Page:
Data for Flt3? LSK and LKS? cells are summarized in the bar graph on the right (mean SD, n=5, one-way ANOVA, all values were significantly different from the comparators (#) by Dunnetts multiple comparison test)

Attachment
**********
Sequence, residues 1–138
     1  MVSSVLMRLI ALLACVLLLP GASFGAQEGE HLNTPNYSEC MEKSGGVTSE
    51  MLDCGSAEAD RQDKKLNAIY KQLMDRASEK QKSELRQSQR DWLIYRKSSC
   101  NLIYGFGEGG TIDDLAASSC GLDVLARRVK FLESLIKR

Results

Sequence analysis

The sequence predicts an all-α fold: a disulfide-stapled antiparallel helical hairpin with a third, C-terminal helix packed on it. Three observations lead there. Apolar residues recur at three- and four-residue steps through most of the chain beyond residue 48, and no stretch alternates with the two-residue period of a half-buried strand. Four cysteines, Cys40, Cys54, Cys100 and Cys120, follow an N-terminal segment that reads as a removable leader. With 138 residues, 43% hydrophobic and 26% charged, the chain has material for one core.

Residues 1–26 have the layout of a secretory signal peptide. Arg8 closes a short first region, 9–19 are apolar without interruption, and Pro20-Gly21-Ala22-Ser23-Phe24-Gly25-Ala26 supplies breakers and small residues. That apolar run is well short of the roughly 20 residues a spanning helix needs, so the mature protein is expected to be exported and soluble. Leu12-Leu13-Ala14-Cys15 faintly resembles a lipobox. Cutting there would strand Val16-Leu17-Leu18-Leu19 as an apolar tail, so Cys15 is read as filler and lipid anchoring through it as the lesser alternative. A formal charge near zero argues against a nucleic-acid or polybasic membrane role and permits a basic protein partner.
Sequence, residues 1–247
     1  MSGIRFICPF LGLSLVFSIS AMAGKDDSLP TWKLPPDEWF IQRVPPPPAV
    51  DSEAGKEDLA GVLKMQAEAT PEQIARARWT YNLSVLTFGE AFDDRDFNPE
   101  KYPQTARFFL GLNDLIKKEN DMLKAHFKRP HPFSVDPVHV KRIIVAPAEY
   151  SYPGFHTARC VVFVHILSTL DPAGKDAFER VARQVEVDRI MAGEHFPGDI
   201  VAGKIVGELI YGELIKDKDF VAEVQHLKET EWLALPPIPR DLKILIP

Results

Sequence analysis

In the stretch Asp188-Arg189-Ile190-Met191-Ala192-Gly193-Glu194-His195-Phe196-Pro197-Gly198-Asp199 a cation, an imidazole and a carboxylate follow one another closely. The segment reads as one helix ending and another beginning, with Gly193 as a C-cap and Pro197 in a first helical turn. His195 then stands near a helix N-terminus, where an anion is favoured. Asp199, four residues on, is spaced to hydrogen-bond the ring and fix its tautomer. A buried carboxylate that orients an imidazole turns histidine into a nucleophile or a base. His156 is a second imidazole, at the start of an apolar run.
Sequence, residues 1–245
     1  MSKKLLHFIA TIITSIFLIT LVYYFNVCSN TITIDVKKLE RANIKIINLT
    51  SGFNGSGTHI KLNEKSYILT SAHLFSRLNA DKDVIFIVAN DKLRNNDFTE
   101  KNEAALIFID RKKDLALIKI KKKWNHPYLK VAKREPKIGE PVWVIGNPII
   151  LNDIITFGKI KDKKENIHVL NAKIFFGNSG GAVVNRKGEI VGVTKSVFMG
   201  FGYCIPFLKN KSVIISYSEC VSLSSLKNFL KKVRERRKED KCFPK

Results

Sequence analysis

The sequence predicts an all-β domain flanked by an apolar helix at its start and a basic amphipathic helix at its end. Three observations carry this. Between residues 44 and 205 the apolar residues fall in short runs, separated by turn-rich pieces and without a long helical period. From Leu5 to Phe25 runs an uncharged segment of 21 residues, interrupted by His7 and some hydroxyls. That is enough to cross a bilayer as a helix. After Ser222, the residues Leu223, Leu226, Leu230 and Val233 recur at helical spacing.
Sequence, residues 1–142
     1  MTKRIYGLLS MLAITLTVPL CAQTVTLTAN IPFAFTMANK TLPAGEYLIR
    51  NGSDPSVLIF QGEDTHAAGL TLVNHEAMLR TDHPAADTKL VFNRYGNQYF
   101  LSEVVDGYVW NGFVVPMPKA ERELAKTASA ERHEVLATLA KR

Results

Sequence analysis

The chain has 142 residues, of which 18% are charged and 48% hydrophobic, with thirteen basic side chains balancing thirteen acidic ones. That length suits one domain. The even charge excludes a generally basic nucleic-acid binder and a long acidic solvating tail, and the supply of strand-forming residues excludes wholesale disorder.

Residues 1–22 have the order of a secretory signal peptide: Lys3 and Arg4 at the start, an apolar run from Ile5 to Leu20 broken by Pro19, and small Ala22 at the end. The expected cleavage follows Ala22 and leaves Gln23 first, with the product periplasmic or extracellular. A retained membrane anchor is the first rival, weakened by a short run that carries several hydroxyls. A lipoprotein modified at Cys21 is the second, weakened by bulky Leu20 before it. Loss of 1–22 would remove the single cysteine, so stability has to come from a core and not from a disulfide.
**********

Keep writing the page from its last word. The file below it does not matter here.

Data for Flt3? LSK and LKS? cells are summarized in the bar graph on the right (mean SD, n=5, one-way ANOVA, all values were significantly different from the comparators (#) by Dunnetts multiple comparison test). E. corresponding stress resistance provides a selective advantage to Runx1 deficient HSPCs, allowing them to expand in the bone marrow and outcompete normal HSPCs. Introduction Myelodysplastic syndrome (MDS) and acute myelogenous leukemia (AML) begin with the acquisition of a driver TAK-981 mutation that generates a pre-leukemic stem cell (pre-LSC) (Pandolfi et al., 2013). The pre-LSC is self-renewing and capable of competing with normal hematopoietic stem cells (HSCs) to ensure its survival and expansion in the bone marrow. Additional mutations gradually accumulate in the pre-LSC and its downstream progeny, giving rise to MDS or AML (Welch et al., 2012). Early mutations in the leukemogenic process often occur in genes encoding chromatin regulators such as and (Welch et al., 2012; Xie et al., 2014). These genes mediate processes such as DNA methylation, histone modification, or chromatin looping, altering the epigenetic landscape of the pre-LSC (Corces-Zimmerman et al., 2014; Jan et al., 2012; Shlush et al., 2014). Mutations that activate signal transduction pathways, such as internal duplication of are also common in AML, but most often occur as later TAK-981 events in downstream progenitor populations (Corces-Zimmerman et al., 2014). is a DNA binding transcription factor that is mutated in and therapy-related AML, MDS, chronic myelomonocytic leukemia (CMML), acute lymphocytic leukemia (ALL), and in the autosomal dominant pre-leukemia syndrome familial platelet disorder with predisposition to acute myeloid leukemia (FPD/AML) (Mangan and Speck, 2011). In mice, loss-of-function (LOF) mutations cause defects in lymphocyte and megakaryocytic development, and alterations in hematopoietic stem and progenitor cells (HSPCs) that include an increase in the number of committed erythroid/myeloid TAK-981 progenitors and expansion of the lineage negative (L) Sca1+ Kit+ (LSK) population in the bone marrow (Cai et al., 2011; Growney et al., 2005; Ichikawa et al., 2004). Runx1 deficiency has only a modest adverse effect on the number of functional long term repopulating hematopoietic stem cells (LT-HSCs), reducing their frequency in the bone marrow by 3 fold at most, without affecting their self-renewal properties (Cai et al., 2011; Jacob et al., 2009). LOF mutations may also confer increased resistance to genotoxic stress, as several small-scale studies of MDS/AML patients who were previously exposed to radiation, or treated with alkylating agents, revealed a high incidence (~40%) of somatic single nucleotide variants or insertion/deletion mutations in as compared to the overall 6-10% of MDS patients with LOF mutations (Bejar et al., 2011; Haferlach et al., 2014; Harada et al., 2003; Walter et al., 2013; Zharlyganova et al., 2008). The higher association of mutations with exposure to genotoxic agents suggests two possibilities: either mutations are preferentially induced by these agents, or more likely, that pre-existing mutations conferred a selective advantage to pre-LSCs exposed to these providers. mutations can be early or later on events in the progression of MDS and AML (Jan et al., 2012; Welch et al., 2012). That they can become early events is definitely demonstrated unequivocally from the observation that FPD/AML individuals who harbor germline mutations in have a ~35% lifetime risk developing MDS/AML (Ganly et al., 2004; Michaud et al., 2002; Music et al., 1999). Although it has been shown that mutations that happen in pre-LSCs cause them to selectively increase in the bone marrow (Busque et al., 2012; Xie et al., 2014), the mechanisms underlying this trend are not well understood. Here we targeted to elucidate the molecular mechanisms by which LOF mutations generate an expanded human population of HSPCs. Counter-intuitively, we find that Runx1 deficiency in HSPCs results in a slow growth, low biosynthetic, small cell phenotype, accompanied by markedly decreased ribosome biogenesis (Ribi). Furthermore, Runx1 deficient HSPCs have lower levels of p53 and an attenuated unfolded protein response, and are less apoptotic following exposure to genotoxic stress. These observations lead to a model whereby LOF mutations generate stress resistant HSPCs that are able to perdure and increase TEF2 by virtue of their sluggish growth properties and decreased rates of apoptosis as compared to normal HSPCs. Results We previously shown that Runx1 deficient murine HSPCs have a decreased percentage of apoptotic cells (Cai et al., 2011). To determine if Runx1 deficiency also shields against radiation-induced apoptosis, we generated hematopoietic-specific LOF alleles with Vav1-Cre (Cai et al., 2011). We irradiated control ((/) mice and measured the percentage of apoptotic HSPCs 24 hours later. HSPCs were analyzed using CD34 and Flt3 markers, since we previously showed that CD48 and CD150 are dysregulated.